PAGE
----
L. pneumophila is an intracellular pathogen causing a severe and atypical pneumonia called Legionnaire’s disease and the influenza-like illness called Pontiac fever. L. pneumophila invades macrophages using a bacterial surface protein, MOMP, that fixes complement component C3 to the surface of the parasite . After internalization, the Legionella-containing vacuole evades transport to the lysosomal network and subsequent degradation. L. pneumophila remodels its compartment using a type of IVB secretion apparatus, and within this protected vacuole, the bacterium becomes acid tolerant, downregulates virulence factor expression, and establishes a replicative niche .
Highly specialized mechanisms have been evolved by intracellular bacteria to avoid or survive the hostile environment of the macrophage phagosome. These mechanisms culminate in the expression of inflammatory cytokine and chemokine genes as well as the regulation of endosomal trafficking .
In the present work, we investigated the changes in Stat-1 activity after the uptake of Gram-positive and Gram-negative bacteria with their varying abilities to enter, replicate, and survive in human macrophages.
2. Material and Methods
S. typhimurium (clinical isolate), L. monocytogenes (ATCC 9525), and S. aureus (clinical isolate) were initially grown overnight (16–18 hours) at 37°C in Tryptic Soy Broth (TSB). Samples were diluted 50-fold in fresh TSB and grown under aerobic conditions to an optical density (OD) corresponding to about 1 × 108 cells per mL. Cultures were then collected by centrifugation at room temperature, washed once with PBS, and resuspended in RPMI 1640 medium supplemented with 10% (v/v) human pooled serum (AB). L. pneumophila (clinical isolate) were initially grown in buffered charcoal yeast extract (BCYE) agar for 72 h. Some colonies were then harvested and suspended in PBS to obtain an OD corresponding to approximatively 1 × 108 bacteria per mL. They were then washed once and resuspended in RPMI 1640 medium supplemented with 10% serum AB. The bacterial number in each suspension was subsequently estimated by standard plate counts.
Monocyte-derived macrophages were prepared from leukocyte buffy coats obtained from healthy donors and purified as previously described . Briefly, the peripheral blood mononuclear cells were isolated by Histopaque 1077 (Sigma Chemical Co.) gradient centrifugation and monocytes were separated from lymphocytes by adherence to plastic dishes, scraped, washed twice, and suspended in RPMI 1640 medium (cell culture tested) with 10% (v/v) inactivated fetal bovine serum and 1% antibiotics (v/v). Aliquots of 1 × 106 cells were seeded in 35 mm Petri dishes and cultured at 37°C in 5% CO2 atmosphere for 10 days, at which time the monocytes had adhered to the plastic and matured into macrophages.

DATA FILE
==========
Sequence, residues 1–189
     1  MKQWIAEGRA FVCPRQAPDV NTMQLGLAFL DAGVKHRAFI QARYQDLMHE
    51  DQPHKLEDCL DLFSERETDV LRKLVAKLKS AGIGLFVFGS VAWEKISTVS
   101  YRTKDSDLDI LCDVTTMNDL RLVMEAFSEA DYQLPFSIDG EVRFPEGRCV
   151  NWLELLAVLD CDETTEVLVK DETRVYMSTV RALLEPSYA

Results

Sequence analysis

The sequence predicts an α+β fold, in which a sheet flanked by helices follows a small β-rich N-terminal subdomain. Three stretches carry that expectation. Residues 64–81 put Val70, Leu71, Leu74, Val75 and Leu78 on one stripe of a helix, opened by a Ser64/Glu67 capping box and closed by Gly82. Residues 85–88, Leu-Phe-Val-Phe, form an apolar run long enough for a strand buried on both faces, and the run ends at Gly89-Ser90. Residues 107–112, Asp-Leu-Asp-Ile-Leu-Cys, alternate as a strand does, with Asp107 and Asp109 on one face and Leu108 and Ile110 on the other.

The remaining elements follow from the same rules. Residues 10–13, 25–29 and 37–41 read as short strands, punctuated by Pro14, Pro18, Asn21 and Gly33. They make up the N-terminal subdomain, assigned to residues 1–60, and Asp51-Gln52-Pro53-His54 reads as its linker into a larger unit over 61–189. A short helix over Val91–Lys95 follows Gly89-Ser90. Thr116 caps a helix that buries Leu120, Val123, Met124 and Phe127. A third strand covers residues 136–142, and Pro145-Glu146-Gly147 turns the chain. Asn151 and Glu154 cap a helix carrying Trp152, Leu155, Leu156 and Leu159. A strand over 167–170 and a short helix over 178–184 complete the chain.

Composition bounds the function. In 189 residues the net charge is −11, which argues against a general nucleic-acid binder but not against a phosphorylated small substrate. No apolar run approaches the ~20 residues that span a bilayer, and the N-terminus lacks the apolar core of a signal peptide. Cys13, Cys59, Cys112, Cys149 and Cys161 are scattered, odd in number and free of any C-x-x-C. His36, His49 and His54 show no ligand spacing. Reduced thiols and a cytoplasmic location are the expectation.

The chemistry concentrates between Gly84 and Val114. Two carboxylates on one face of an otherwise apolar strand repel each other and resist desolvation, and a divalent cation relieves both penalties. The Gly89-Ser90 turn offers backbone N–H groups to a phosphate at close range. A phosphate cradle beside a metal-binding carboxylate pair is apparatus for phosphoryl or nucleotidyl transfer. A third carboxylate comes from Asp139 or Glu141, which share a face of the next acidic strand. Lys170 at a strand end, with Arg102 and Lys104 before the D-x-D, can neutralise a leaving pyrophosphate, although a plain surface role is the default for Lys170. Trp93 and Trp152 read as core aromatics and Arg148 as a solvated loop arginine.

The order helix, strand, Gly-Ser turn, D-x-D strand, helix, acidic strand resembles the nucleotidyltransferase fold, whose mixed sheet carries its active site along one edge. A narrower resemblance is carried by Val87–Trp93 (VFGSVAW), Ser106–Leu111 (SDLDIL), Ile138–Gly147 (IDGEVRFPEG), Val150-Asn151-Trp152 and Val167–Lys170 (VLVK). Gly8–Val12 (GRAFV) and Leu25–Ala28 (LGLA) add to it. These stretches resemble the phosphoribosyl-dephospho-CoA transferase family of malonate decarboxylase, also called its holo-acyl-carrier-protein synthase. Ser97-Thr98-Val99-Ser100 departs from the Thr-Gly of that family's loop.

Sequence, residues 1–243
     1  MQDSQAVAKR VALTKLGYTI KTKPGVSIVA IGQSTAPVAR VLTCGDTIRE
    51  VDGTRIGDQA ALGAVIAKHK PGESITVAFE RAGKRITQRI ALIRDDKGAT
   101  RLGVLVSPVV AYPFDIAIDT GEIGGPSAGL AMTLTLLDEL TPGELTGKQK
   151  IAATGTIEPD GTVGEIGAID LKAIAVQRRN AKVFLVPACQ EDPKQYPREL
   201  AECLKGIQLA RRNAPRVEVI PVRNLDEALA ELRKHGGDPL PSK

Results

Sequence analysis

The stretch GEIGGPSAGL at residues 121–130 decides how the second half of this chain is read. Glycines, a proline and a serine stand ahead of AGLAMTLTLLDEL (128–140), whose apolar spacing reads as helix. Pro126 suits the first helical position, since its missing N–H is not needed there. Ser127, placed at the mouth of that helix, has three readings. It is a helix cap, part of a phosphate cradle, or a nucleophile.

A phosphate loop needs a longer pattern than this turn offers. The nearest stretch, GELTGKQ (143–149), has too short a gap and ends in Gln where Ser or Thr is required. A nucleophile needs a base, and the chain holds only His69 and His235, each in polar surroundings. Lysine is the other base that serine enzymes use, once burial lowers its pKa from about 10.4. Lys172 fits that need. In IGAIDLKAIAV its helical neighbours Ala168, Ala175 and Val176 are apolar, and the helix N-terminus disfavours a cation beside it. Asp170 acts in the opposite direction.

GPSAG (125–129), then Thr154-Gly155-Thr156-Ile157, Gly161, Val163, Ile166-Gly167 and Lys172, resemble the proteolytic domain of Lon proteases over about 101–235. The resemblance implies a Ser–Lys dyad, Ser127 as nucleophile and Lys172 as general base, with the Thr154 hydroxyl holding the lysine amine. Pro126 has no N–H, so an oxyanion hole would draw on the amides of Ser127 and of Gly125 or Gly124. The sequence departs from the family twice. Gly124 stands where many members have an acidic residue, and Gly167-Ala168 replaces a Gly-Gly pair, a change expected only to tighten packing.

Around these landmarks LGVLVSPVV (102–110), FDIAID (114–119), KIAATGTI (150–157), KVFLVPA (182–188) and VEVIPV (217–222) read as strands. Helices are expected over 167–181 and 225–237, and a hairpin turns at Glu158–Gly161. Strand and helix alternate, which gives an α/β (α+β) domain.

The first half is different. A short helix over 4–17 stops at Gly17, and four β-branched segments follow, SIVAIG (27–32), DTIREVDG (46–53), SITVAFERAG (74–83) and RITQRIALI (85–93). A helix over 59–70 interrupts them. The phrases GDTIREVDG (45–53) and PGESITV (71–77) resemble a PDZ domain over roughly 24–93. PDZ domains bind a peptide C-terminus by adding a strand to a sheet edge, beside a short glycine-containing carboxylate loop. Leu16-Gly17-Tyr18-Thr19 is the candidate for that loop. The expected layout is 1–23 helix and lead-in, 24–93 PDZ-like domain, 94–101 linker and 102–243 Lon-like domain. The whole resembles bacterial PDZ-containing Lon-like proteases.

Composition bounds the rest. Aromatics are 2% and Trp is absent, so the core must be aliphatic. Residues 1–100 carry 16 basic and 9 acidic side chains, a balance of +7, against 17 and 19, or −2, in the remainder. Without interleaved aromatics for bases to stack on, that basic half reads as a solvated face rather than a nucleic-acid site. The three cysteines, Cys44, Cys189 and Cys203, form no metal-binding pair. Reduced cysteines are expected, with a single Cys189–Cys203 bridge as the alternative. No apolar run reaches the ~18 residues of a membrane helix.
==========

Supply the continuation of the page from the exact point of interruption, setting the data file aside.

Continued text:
2.3. Phagocytosis Assay
Bacteria were suspended in RPMI 1640 medium supplemented with 10% heat inactivated human autologous (AB) serum to promote opsonization and subsequent internalization into phagocytic cells. Bacteria were then added to mature macrophages at a multiplicity of infection (MOI) of 25 : 1 (S. aureus/macrophage), 50 : 1 (L. monocytogenes/macrophage), or 100 : 1 (L. pneumophila/macrophage and S. typhimurium/macrophage) and incubated for 20 min (S. typhimurium), 60 min (L. monocytogenes), or 120 min (S. aureus, L. pneumophila) at 37°C in 5% CO2. Phagocytosis was stopped by putting the dishes on ice (time 0) and unbound or nonphagocytized bacteria were removed by an initial extensive washing with ice-cold HBSS. Any remaining extracellular bacteria were killed by bathing the macrophages for 2 h in RPMI 1640 medium containing 100 μg/mL gentamycin. In pilot experiments, stepwise increasing concentrations of gentamicin (50–300 μg/mL) gave increasingly efficient killing of external bacteria but constant yield of internalized bacteria upon cell lysis, suggesting that extracellular gentamicin did not compromise intracellular bacterial viability. To prevent extracellular growth of released bacteria the medium was then changed again with fresh media containing 10 μg/mL gentamycin, and the cultures were incubated at 37°C in 5% CO2 for 3 days. The intracellular bacteria were evaluated after phagocytosis (time 0) and after 24 and 72 hours after phagocytosis. Briefly, infected macrophages were osmotically lysed with 1 mL of ice-cold distilled water, and the number of viable intracellular bacteria was assessed by the colony-forming units (CFU) assay from duplicate dishes on the appropriate agar medium. In parallel, the colony-forming assay was carried out in the culture media to exclude the presence of viable bacteria.